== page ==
Seven essential tips if you have to work from home

Jack

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Jack

Sky News technology reporter Alexander Martin has outlined seven essential tips for people who are currently working at home:

1. How to handle conference calls

circa 1955: A businessman wearing a suit shouts into a telephone. (Photo by Lambert/Getty Images)

Group meetings in-person can be difficult, but over the phone they can be absolute chaos.

Without any visual cues to signal where attention is focused, participants on group calls can end up speaking over each other for minutes on end.

It is absolutely vital that someone is chairing the meeting. This person needs to determine the speaking order and call people to speak, as well as pick up again when the speaking is finished.

All of the other participants need to join the call at the right time, and most crucially – their phones need to be on mute when they’re not talking.

2. Have a space to work in

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I’m sorry to say you will need to get dressed and get out of bed. Maybe not as early as usual – the lack of a commute is always something to rejoice over – but having a space to work in is crucial for your state of mind, and not just in terms of being in a “working” mindset but also so you’re able to turn off when the working day is over.

If you have children then you will need to realise that you cannot both parent and work at the same time.

Most of the essentials for working from home are things people have already; a desk, a laptop, a work phone.

A young woman on the phone with a toddler daughter sitting indoors, working at home.

If you need access to your company’s intranet, figure out how to access it securely. External connections in without security precautions could mean that hackers go unnoticed too.

3. Have time to work in

People browse the shelves with loose un-packaged fruit

You need to clock in and clock out. The working day for anyone in an office has commutes either side of it, but these aren’t there if you’re working from home and the risk is that the time between when you’re on-shift and when you’re off will merge into each other.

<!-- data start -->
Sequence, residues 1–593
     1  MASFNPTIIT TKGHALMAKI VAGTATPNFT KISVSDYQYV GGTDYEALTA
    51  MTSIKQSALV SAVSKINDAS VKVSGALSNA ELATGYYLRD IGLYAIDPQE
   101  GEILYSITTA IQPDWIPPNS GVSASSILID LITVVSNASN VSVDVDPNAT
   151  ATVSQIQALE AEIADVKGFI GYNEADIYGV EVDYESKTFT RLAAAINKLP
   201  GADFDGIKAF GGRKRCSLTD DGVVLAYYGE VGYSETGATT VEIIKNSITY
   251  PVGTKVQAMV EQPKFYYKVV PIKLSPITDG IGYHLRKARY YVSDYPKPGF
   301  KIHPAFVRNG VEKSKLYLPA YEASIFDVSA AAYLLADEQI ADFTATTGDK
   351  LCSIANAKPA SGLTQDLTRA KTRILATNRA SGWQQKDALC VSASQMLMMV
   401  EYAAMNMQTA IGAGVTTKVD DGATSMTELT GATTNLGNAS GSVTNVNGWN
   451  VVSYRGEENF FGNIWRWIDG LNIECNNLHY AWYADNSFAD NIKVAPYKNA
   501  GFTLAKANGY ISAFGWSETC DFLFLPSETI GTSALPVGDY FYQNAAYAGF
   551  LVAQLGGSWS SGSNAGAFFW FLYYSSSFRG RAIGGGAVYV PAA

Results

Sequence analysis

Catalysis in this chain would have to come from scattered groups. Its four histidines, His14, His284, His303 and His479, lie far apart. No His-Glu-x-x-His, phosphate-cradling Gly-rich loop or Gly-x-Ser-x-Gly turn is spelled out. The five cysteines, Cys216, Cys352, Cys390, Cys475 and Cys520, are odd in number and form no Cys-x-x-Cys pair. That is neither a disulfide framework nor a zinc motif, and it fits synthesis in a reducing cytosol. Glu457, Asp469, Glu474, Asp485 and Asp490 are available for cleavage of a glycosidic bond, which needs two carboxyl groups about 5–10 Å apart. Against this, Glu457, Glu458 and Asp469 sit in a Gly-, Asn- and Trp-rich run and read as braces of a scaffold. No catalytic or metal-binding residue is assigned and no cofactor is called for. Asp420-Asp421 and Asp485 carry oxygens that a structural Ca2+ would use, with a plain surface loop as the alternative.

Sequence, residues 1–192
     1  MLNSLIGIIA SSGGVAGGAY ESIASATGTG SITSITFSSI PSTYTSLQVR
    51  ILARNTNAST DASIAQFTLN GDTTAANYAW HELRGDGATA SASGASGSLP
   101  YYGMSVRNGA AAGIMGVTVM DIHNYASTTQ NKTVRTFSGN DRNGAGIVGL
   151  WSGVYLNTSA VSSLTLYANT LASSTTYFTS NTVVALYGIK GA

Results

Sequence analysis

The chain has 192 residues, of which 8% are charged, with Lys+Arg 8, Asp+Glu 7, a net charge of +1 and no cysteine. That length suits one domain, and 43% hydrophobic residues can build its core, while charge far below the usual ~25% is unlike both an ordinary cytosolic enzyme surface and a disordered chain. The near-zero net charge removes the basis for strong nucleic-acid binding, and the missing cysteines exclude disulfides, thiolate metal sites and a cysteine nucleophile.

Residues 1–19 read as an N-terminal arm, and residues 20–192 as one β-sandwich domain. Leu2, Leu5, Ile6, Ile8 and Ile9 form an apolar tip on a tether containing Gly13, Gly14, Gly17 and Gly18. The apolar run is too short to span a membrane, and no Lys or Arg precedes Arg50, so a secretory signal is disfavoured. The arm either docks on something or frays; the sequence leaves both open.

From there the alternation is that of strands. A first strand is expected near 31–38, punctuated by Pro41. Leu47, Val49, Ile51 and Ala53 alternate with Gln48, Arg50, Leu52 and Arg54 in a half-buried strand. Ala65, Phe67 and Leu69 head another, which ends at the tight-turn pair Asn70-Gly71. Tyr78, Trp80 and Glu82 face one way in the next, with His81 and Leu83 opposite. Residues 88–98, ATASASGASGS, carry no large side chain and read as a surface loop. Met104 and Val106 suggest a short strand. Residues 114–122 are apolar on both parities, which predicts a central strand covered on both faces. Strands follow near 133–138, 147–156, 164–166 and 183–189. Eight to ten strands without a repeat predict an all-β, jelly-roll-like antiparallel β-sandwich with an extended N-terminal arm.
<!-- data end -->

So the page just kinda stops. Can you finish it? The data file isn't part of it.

Whatever kind of communications system you’re using to keep in touch with your team, turn it on when you start and turn it off when you stop. Working outside of these hours will just grind you down.

4. Remember to eat

Remember to eat properly. This takes planning if you’re not going to find yourself dipping into the biscuit tin.

Most adults should have mastered the skill of forward-planning their meals, but the interruption to normal plans by working from home can undo that for even the most competent. Get ready to have something healthy for lunch.

5. Remember to take breaks

Cup of tea

We can worry that we’re not being seen as productive when we’re working from home, but nobody is productive when they’re hungry.

This means you need to take a bit of a longer break to make the lunch. That is perfectly reasonable, and because you’ve planned your lunch in advance it’s not going to take as long as you thought.

6. Remember to work

A wife bringing her husband beer and potato chips while he relaxes in a hammock in the garden, circa 1965. (Photo by L. Willinger/FPG/Getty Images)

Although you really shouldn’t put yourself under ridiculous pressures, you are still working.

Working from home isn’t an opportunity for friends to come round. You don’t have the time to run errands during the day that you wouldn’t be able to do normally.

Some experts suggest working in short bursts in order to maintain your sanity, this means regular breaks but it requires working too.

7. Keep in contact with your managers, and ask them to keep in contact with you

Ibrahim Boubacar Keita and Francois Hollande. French President Francois Hollande meets the President of Mali Ibrahim Boubacar Keita at Elysee Palace. .Paris, FRANCE.Photo By Thierry Chesnot

The worst aspect of remote working can be feeling ignored.

Hopefully there will be lines of communication open to your managers, colleagues and subordinates, but to make sure these are there requires forward-planning.

There should be clear expectations about how performance will differ from a normal day, whether because the office processes are a bit different or because particular jobs are going to be delegated to different teams.

One of the tactics to avoid loneliness (although some workers could well crave it) is to set up a video call with a colleague while you’re working on a shared project.